Trial date set for meth suspectsJul 12, 2013 By Eric Blom, Staff Writer
All four pleaded not guilty
Four defendants in May's countywide meth bust have a trial set for Sept. 16.
They all pleaded not guilty to the drug-related charges against them.
During an arraignment hearing July 9 in Lander's District Court, Travis Fauque, 21, of Lander; Shene Springfield, 37, of Lander; and Lyle Haukaas, 34, of Hudson, pleaded not guilty to one charge each of conspiracy to deliver methamphetamine between Feb. 14 and May 22. The maximum penalty for the charge is 20 years in prison and a $25,000 fine.
Also on July 9, Joseph Summerlin, 40, pleaded not guilty to a charge of felony possession of a controlled substance. His charge carries a maximum penalty of seven years in prison and a $15,000 fine. Prosecutors allege that, on or about May 21, Sumerlin knowingly or intentionally possessed methamphetamine, according to court documents.
The four are among seven arrested in the extensive countywide drug investigation that involved wiretapping, surveillance and the use of confidential informants. In an affidavit, Wyoming Division of Criminal Investigation agent Brady Patrick alleges the subjects were a part of a drug distribution network headed by another defendant, Timothy Pitt, 31, of Hudson.
On June 13, Pitt and a sixth defendant, Abigail White, 21, of Riverton, pleaded not guilty to conspiracy to deliver methamphetamine. Their trials also are set for Sept. 16.
Wyoming's 9th Judicial District Court Judge Norman E. Young agreed to lower bond conditions for the four defendants arraigned July 9.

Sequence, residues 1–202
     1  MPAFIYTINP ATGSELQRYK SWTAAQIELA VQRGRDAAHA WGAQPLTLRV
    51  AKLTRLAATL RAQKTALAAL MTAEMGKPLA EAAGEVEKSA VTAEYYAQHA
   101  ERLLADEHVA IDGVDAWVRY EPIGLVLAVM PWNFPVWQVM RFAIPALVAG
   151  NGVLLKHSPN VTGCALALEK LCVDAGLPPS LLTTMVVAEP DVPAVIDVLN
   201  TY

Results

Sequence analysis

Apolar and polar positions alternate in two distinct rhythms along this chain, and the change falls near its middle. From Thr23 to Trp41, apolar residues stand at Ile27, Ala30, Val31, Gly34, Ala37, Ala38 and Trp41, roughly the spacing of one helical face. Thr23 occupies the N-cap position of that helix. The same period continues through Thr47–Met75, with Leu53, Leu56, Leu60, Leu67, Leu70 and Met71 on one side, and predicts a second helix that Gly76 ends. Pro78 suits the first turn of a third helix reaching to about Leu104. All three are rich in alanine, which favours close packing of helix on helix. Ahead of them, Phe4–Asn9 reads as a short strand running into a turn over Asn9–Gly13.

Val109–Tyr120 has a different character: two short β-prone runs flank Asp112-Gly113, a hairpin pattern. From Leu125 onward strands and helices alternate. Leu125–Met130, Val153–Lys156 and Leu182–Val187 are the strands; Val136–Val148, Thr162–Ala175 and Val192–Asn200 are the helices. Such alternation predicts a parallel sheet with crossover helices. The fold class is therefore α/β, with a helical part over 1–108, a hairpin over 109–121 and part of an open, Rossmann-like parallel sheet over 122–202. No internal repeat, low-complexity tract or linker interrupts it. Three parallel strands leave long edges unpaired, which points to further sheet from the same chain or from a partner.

Fauque's lawyer, John Joseph DeLeon, asked Young to lower his client's bond from $100,000 cash to $30,000 cash at 10 percent, meaning Fauque would only have to post $3,000 to be released from custody. DeLeon said Fauque would be able to post that amount.
"We want to be able to present some information to the court in terms of his ability to maintain work, be out on bond, and seek treatment for any issues to show he's trying to address his situation," DeLeon said.
Fremont County Deputy Attorney Thomas Majdic asked that the bond be lowered to $50,000. Young agreed to the $30,000 figure and said the defendant would have to submit to a urine analysis test at the Fremont County Detention Center three times a week.
For Sumerlin, Majdic asked that the bond be increased to $25,000. Majdic said Sumerlin recently tested positive for methamphetamine during a urine analysis and has missed several test appointments. Young declined the prosecutor's request, however, agreeing with Sumerlin's lawyer that Majdic should have requested a hearing on the issue.
Haukaas's lawyer Daniel Caldwell asked the judge to lower his client's $100,000 bond to 10 percent of $10,000 saying the case against him is circumstantial. Majdic argued that Haukaas was Pitt's "right hand man" and said 10 percent of $50,000 would be appropriate. Young agreed to lower the bond to the prosecutor's number.
Springfield's attorney asked Young to lift a bond restriction that currently prohibits his client from leaving Fremont County. The lawyer said Springfield travels to other parts of the state with her daughter and visits a son in Colorado over whom she has joint custody. Young agreed to allow Springfield to travel within the state and to travel to Colorado to visit her son as long as she notifies her attorney. The judge also said Springfield would not have to take urine analysis tests as often as her bond originally called for, per her lawyer's request.